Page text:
Aunt Bessie had outlived all her siblings. Unmarried, she’d been a member of the WRAF during the war. She was the glue that held us all together. We all looked at her coffin. We each had a special memory of her.

Stood by the grave, we could hear a rumbling in the distance, getting louder and louder. As we lifted our gaze, our eyes were drawn to the sky just as the Red Arrows roared by in perfect formation, heading on to an airshow no doubt. But perfect timing.

Oh yes. Only Aunt Bessie could have organised this fly-past.


The quayside by the ship was heaving with people. Miriam looked at Albert, tears pouring down her face. “I can’t leave him!'

“But you must,' said Albert. “How will you explain a baby to my brother? He’s been gone two years. I will come to you soon and bring the baby, and ask my brother if you can both look after him.'

Miriam reluctantly agreed. She wiped the tears away, picked up her valise and began to board the ship with the other passengers.

Albert stayed at the quayside, watching the SS Titanic until he could see it no more.


Charlotte came down to breakfast. Her father sat at the table with a worried look on his face.

“What’s the matter?' asked Charlotte, concerned.

“Do you know anything about how to call the midwife?' he said with a frown.

“Oh,' replied Charlotte, “so how is Mum?'

“Expectin’,' said her father, “and you know what she’s like when she’s expectin’. I don’t know what to do.'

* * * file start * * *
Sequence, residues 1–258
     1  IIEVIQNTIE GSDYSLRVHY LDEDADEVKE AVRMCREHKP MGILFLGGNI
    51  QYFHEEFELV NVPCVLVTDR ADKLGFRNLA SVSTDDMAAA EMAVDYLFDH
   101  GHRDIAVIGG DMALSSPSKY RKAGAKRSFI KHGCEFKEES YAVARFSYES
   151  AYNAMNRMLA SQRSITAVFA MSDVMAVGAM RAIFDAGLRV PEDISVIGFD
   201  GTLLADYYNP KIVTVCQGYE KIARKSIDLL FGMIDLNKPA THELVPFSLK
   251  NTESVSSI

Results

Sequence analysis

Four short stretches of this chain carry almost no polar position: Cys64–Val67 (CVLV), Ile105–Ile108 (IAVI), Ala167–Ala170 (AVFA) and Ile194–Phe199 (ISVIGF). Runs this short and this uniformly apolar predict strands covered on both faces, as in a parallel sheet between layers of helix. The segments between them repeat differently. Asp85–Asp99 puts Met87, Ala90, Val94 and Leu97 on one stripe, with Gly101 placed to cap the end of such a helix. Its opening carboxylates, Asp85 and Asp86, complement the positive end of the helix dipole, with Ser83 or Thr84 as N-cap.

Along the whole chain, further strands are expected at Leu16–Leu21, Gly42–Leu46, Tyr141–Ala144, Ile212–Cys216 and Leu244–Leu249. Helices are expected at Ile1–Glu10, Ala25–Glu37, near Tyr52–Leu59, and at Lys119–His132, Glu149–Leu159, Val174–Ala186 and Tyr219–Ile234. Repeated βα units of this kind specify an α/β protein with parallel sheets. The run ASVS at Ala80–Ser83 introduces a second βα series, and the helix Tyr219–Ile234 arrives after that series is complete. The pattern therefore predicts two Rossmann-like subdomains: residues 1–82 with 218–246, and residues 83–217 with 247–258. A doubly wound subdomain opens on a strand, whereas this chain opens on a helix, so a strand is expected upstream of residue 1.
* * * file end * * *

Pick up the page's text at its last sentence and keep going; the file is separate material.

“I can help,' she assured him.

“I don’t think so. What do you know? You can’t help me.'

“I can,' said Charlotte. “It’s easy. Just use my tablet and you can order the series online.'


Surely not again, a voice screamed in my head. Where did I park that car? I’ve been walking around for ages. I’m exhausted. It must be here somewhere. I’ve passed this building four times now. Why didn’t I take more notice of where I was and where I parked? I think it’s down these steps and around this corner. No, it isn’t! I’ll go back up the steps and over the road. What a nightmare!

My eyes open and I look at my watch. I still have thirty minutes in bed before the alarm goes. My eyes close once more.


They call me ‘the lady of a thousand stories’. I have a story for every occasion. Weddings, babies, work, home, bar mitzvahs, christenings… you name it, I have a story for it. Most will make you smile or laugh. A couple might make you cry but I don’t often relate those stories.

“They’re not true,' my kids tease. “She just makes them up.'

Ah! But they are true. When you get to my age, they are all you have. Some people call them memories but I call them stories.

All true, every single one of them. Well, almost every one.

First Impressions

Joyce took out her keys as she walked down the path. She opened the kitchen door and stopped dead, frozen with horror, looking around. All she could take in was a scene of utter devastation.

She could see blood everywhere – over the floor, on the ceiling, down the walls and on her bread knife. Joyce wasn’t even aware of the scream emitting from her throat.

Suddenly, a pair of arms engulfed her.

“It’s not that bad,' said Roger, her husband. “I keep telling everyone to make sure they put the lid back on the ketchup properly, but do they listen…?'

Party Time

The party was in full swing when Mac arrived, lager in hand. Wandering into the lounge, smiling at everyone, he noticed the room was full of women. Great, he thought. He was single – the more women the merrier.

He searched for his friend, Billy, but couldn’t see him. So he got his phone and sent him a text.

His mobile rumbled. Glancing down, he read: ‘I’m here, where are you?’